# description. It's best to use
# a separate .crt/.key file pair
# for each client. A single ca
# file can be used for all clients.
ca lab-ca.pem
cert usercert.pem
key key-pass.pem

# Select a cryptographic cipher.
# If the cipher option is used on the server
# then you must also specify it here.
cipher AES-128-CBC

Generate Certificates:
I generated my certificates using a Microsoft 2012 Certificate Authority. I generated one for certificate for the VPN server and another for the VPN client. I exported them from Microsoft CA in PFX format and used this Guide to convert them to PEM format.

My openVPN server certificate properties:
Subject Alternative Name=vpn
Subject Alternative
Subject Alternative Name=test02

My openVPN user certificate properties:
CN=user OU=WAU OU=US DC=lab DC=net

On the OpenVPN server copy the PEM files to /etc/openvpn/
On the OpenVPN Windows client copy the PEM files to C:\Program Files\OpenVPN\config\

Router Configuration
Configure your home router with a static route to the OpeVPN server on your home network
VPN client subnet:
OpenVPN Server:
2015-11-29 19_45_08-NETGEAR Router WNDR3400v2

Start the OpenVPN service on the OpenVPN server

systemctl start openvpn

Test Client Connection
On Windows 7 I noticied it was required to run the OpenVPN as administrator
Program Manager_2015-11-30_19-53-49

If you where successfully connected you should see “client is now connected”


Setup Rundeck with SSL

In this blog post I will describe the steps needed to configure rundeck to use SSL. I go through the steps of requesting a certificate from a Microsoft CA then exporting them to a Linux rundeck server. I then go through the steps of importing the certificates into a java keystore. And finally the configuration steps needed to get rundeck working with SSL.

STEP 1. Request a certificate
Open the mmc.exe > add/remove snapin > certificates > local computer

STEP 2. Click Next

STEP 3. Configure the CN (common name) and Subject Alternative names.

STEP 4. Mark private key as exportable

STEP 5. Select Enroll

STEP 6. Export the certificate

STEP 7. Export private key

STEP 8. Export the certificate and private key in PKCS #12 format

STEP 9. Set private key password

STEP 10. Export the the Certificate Authorities certificate.
This certificate will be placed in the the trusted CA Java keystore. Do not export the private key for the CA, export the CA as DER format.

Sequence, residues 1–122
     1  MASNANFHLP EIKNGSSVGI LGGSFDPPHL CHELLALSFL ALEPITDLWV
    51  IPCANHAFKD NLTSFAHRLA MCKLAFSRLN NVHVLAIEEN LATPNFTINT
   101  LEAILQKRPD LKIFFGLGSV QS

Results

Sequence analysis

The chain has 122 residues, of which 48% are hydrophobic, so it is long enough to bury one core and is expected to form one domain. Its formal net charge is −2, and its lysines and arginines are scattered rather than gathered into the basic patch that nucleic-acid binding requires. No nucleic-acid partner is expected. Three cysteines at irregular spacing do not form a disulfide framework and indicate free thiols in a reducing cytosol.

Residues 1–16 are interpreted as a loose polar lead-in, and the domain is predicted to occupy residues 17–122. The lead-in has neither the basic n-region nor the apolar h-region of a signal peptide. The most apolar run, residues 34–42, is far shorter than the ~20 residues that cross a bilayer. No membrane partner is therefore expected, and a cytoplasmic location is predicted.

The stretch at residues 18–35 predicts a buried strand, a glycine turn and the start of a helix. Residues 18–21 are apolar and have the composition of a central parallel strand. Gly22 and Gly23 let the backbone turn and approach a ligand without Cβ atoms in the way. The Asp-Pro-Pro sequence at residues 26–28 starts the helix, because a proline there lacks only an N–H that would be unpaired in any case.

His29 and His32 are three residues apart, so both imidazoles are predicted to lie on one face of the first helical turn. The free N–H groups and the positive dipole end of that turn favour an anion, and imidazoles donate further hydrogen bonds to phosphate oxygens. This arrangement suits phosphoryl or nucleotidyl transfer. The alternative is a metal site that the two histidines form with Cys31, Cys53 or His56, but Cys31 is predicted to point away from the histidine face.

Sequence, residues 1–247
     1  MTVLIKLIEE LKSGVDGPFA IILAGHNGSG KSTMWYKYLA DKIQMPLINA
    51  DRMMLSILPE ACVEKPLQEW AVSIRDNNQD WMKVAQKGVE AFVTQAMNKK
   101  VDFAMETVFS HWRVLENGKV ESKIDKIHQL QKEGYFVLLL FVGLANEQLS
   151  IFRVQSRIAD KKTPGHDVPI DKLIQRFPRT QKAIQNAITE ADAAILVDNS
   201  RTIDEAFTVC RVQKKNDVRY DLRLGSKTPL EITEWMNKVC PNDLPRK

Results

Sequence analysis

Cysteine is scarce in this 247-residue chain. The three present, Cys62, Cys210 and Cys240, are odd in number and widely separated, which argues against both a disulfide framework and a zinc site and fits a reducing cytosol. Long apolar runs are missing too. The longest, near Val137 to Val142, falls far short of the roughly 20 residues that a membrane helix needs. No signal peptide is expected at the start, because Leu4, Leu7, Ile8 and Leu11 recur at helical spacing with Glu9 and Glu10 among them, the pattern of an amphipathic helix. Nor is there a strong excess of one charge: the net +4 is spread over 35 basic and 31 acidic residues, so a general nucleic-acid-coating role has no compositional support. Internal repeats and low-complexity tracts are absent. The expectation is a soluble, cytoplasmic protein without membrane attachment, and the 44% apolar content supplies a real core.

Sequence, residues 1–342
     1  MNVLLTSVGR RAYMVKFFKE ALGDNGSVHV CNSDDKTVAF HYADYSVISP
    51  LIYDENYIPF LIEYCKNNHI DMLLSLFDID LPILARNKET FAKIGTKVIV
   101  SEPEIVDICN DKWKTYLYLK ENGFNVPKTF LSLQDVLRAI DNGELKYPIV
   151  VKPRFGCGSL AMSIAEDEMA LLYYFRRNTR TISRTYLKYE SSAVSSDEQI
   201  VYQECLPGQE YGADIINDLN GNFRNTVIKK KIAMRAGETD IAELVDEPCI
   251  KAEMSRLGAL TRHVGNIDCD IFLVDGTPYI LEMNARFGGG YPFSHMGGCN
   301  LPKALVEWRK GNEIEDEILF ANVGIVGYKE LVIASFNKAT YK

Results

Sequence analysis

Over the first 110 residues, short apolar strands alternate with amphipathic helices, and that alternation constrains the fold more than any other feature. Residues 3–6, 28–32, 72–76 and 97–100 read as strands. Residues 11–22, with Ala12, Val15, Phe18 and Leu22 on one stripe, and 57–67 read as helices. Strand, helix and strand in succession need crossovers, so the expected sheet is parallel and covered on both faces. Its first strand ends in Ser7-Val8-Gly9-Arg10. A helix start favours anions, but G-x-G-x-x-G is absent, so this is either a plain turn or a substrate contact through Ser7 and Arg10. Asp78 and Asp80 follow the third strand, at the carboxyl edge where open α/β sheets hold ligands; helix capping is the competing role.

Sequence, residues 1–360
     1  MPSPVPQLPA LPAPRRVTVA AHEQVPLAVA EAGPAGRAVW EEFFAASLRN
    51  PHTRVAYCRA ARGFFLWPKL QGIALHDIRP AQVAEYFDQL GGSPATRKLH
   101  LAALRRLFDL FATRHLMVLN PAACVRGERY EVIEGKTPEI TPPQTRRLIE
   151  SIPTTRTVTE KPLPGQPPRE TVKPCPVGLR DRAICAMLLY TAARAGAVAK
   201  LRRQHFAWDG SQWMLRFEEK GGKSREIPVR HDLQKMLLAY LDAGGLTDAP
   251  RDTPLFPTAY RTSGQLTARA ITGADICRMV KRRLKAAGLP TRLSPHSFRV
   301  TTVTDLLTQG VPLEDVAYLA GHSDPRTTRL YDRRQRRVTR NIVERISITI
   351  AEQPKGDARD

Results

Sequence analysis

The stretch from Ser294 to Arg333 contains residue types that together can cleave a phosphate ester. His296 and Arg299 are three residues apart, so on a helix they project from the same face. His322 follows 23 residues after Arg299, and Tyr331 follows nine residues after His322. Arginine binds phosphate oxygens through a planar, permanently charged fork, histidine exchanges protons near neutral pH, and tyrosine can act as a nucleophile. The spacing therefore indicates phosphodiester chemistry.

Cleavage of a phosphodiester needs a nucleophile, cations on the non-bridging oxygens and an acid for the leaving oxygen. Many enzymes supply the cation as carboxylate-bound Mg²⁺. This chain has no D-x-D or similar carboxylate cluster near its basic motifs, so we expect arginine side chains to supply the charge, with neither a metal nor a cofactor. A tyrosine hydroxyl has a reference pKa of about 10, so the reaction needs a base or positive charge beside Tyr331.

STEP 10. SFTP the certificate to your Linux Rundeck Server
I placed the rundeck.pfx file in /etc/rundeck/ssl
Also place the ca.cer file in /etc/rundeck/ssl

STEP 11. Create a keystore for the rundeck.pfx certificate
Create a Java keystore to hold the new rundeck certificate

keytool -keystore /etc/rundeck/ssl/keystore -alias rundeck -genkey -keyalg RSA -keypass password -storepass password

STEP 12. Retrieve the alias from the PKCS #12 file
Save the alias id, you will need this for the next step

keytool -v -list -storetype pkcs12 -keystore /etc/rundeck/ssl/rundeck.pfx


STEP 13. Import the Certificate and Private Key into the Java keystore
Use the alias id from the previous command as the source alias and destination alias.

keytool -importkeystore -deststorepass password -destkeypass password -destkeystore /etc/rundeck/ssl/keystore -srckeystore /etc/rundeck/ssl/rundeck.pfx -srcstoretype PKCS12 -srcstorepass password -srcalias le-webserver-e8683358-23d9-4477-a6c8-21cc2c400c10 -alias le-webserver-e8683358-23d9-4477-a6c8-21cc2c400c10

STEP 14. Create a keystore for the ca.cer certificate authority

keytool -keystore /etc/rundeck/ssl/ca -alias rundeck -genkey -keyalg RSA -keypass password -storepass password

STEP 15. Add the CA cert to the CA keystore

keytool -import -alias ca -file /etc/rundeck/ssl/lab-ca-der.cer -keystore /etc/rundeck/ssl/ca -storepass password
Trust this certificate? [no]:  yes
Certificate was added to keystore

STEP 16. Review of previous steps
a. At this point we should have requested and received a certificate from the Microsoft CA
b. Export the CA’s certificate
c. Created a java keystore for our rundeck certificate
d. Created a java keystore for our CA certificate

STEP 17. Configure Rundeck /etc/rundeck/etc/
Configure the path to the certificate keystore and CA keystore you created earlier


STEP 18. Configure /etc/rundeck/profile
Add the following options the rundeck JVM

export RDECK_JVM="
        -Drundeck.ssl.config=/etc/rundeck/ssl/ \

STEP 19. Configure /etc/rundeck/
Update the property below with https and 4443


STEP 20. Configure /etc/rundeck/
Configure the appropriate port 4443 and update the url https

framework.server.port = 4443
framework.server.url =